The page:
reply to this | link to this | view in chronology ]

  • icon
    DannyB (profile), 18 Mar 2013 @ 8:28am

    Stephens Media should buy Prenda Law

    Stephens Media should buy Prenda Law.

    After all, if at first you don't succeed . . . use a shorter bungee. Or in Stephens Media case, a longer one.

    reply to this | link to this | view in chronology ]

  • icon
    Frankz (profile), 18 Mar 2013 @ 8:52am

    Steve Gibson?

    What happened to Steve Gibson and his claim to still control Righthaven, despite the court ordered receivorship?
    I seem to recall he filed an objection or something.

    reply to this | link to this | view in chronology ]

  • identicon
    Anonymous Coward, 18 Mar 2013 @ 8:54am

    And strike another one for the great legacy of copyright enforcement.

    reply to this | link to this | view in chronology ]

  • identicon
    Anonymous Coward, 18 Mar 2013 @ 10:12am

    What's Prenda Law going to be worth?

    reply to this | link to this | view in chronology ]

  • icon
    Wally (profile), 18 Mar 2013 @ 12:48pm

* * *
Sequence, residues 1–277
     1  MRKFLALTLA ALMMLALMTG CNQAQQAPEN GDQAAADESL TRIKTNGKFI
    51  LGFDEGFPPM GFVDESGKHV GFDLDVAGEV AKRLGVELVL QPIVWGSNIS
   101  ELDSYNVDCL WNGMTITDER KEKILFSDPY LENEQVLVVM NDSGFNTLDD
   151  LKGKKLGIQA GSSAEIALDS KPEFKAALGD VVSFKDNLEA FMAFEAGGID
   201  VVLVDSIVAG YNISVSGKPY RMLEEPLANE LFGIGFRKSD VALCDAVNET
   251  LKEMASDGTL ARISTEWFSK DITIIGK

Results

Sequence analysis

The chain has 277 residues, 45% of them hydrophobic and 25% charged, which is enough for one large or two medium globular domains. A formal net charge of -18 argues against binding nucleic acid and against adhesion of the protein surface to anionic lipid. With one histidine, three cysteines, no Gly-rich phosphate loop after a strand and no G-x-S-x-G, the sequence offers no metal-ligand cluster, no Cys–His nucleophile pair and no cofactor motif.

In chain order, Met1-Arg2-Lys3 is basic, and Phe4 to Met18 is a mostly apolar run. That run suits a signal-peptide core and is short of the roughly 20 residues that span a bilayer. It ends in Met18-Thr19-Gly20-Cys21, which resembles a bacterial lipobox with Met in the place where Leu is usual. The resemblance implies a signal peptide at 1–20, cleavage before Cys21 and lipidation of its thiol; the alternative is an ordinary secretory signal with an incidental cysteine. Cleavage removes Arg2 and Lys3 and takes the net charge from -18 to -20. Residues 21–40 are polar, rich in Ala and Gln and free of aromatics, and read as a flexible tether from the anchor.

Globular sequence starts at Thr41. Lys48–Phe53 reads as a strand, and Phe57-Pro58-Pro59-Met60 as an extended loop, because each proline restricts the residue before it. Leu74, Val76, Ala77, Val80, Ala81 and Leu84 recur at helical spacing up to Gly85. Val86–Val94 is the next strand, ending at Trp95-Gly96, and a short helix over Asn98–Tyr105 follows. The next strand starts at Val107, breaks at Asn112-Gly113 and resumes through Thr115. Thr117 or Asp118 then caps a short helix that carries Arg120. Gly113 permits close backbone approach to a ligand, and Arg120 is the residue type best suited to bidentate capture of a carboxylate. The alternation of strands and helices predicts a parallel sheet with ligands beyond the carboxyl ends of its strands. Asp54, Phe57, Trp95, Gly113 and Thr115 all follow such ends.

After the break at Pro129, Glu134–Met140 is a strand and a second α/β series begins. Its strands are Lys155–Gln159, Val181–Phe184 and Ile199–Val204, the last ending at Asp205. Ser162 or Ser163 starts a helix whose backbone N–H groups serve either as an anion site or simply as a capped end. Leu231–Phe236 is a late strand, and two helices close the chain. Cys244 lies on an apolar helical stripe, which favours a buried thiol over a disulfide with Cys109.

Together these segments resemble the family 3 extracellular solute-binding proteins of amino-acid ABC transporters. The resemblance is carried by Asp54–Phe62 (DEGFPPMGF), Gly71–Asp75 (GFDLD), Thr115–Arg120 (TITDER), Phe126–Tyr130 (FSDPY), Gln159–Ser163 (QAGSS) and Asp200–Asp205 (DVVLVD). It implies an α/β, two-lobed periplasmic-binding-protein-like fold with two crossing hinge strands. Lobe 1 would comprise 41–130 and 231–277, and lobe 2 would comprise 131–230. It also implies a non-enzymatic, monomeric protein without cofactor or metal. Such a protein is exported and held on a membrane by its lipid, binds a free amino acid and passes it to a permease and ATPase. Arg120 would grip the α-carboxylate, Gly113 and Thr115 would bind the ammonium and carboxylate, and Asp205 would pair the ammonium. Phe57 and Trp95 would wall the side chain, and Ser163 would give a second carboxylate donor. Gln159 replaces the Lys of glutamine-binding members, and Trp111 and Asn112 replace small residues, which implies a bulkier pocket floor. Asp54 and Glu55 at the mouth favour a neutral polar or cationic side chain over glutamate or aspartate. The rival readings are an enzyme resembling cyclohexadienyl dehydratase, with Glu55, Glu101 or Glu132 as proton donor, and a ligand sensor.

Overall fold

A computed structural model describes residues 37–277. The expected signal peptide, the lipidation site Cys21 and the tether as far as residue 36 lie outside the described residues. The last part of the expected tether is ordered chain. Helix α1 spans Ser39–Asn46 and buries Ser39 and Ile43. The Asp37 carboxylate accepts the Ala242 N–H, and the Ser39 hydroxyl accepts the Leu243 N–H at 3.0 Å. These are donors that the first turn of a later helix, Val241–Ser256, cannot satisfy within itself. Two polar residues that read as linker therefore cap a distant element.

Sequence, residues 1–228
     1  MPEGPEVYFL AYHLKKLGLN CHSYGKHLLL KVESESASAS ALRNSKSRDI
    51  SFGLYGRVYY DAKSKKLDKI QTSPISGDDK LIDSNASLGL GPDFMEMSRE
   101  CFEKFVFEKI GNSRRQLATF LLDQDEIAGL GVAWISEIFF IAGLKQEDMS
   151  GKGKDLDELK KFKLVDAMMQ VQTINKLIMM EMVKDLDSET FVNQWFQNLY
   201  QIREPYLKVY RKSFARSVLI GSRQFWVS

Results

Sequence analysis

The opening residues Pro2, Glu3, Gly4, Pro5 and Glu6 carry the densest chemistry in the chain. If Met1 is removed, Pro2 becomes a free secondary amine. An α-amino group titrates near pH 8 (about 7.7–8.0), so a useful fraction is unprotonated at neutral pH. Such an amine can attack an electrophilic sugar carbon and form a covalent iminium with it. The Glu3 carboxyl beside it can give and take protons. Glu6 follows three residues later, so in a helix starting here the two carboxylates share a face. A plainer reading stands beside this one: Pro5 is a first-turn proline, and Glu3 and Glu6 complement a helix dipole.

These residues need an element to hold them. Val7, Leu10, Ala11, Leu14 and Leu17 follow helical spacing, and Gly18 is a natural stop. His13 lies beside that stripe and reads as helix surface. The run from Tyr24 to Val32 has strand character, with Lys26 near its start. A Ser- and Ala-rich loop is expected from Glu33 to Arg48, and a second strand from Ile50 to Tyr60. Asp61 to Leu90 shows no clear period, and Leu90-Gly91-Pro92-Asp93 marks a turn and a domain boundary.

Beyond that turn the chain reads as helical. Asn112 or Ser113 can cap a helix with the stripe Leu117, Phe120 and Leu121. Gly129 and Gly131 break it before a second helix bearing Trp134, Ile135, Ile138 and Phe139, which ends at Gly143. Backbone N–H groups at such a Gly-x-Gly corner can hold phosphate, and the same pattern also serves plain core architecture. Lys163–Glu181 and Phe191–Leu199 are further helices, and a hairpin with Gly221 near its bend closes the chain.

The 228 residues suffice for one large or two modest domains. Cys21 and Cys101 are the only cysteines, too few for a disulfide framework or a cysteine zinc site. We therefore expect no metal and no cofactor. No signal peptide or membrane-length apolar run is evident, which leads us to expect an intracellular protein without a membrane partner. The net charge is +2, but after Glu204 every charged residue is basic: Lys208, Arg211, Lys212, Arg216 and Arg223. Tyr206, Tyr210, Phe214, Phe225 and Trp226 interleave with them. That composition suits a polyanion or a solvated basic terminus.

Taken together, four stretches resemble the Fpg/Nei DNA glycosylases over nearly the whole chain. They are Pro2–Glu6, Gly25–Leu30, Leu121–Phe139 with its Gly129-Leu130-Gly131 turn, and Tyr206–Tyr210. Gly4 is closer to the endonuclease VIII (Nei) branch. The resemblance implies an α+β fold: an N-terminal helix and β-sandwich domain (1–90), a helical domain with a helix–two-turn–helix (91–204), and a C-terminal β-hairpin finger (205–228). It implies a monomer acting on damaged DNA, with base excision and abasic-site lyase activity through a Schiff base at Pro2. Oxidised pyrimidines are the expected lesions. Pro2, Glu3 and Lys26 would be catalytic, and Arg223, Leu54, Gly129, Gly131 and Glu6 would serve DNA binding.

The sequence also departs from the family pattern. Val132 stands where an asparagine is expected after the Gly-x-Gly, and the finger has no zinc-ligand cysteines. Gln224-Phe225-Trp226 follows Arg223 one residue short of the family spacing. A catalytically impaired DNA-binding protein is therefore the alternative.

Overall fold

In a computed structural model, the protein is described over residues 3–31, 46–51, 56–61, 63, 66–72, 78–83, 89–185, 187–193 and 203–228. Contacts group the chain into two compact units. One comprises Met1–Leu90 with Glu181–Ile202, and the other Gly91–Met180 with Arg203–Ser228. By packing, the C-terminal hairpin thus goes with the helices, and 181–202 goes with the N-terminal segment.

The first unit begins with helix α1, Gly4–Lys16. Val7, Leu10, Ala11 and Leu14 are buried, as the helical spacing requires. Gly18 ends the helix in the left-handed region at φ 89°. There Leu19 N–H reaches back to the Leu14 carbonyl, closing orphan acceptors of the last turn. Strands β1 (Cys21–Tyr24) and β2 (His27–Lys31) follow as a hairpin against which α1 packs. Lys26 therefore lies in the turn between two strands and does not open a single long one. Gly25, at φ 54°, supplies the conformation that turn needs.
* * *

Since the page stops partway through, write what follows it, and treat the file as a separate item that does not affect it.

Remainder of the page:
Babboons Big Red Ass of a Flag

    "Technically, Stephens Media tried to give the copyright to Righthaven, but since it retained all of the listed rights under copyright law, it was clearly not an actual transfer"

    My sick, dirty mind is willing to bet it was a Monroe transfer.....
    Shit was exchanged only to have the same shit returned to them.

    reply to this | link to this | view in chronology ]

  • icon
    alanbleiweiss (profile), 18 Mar 2013 @ 1:08pm

    Every once in a while throughout a lifetime, I am encouraged that good results can eventually come from utter injustice. Carreon, Righthaven... And it's now looking like just maybe Prenda will get theirs as well...

    reply to this | link to this | view in chronology ]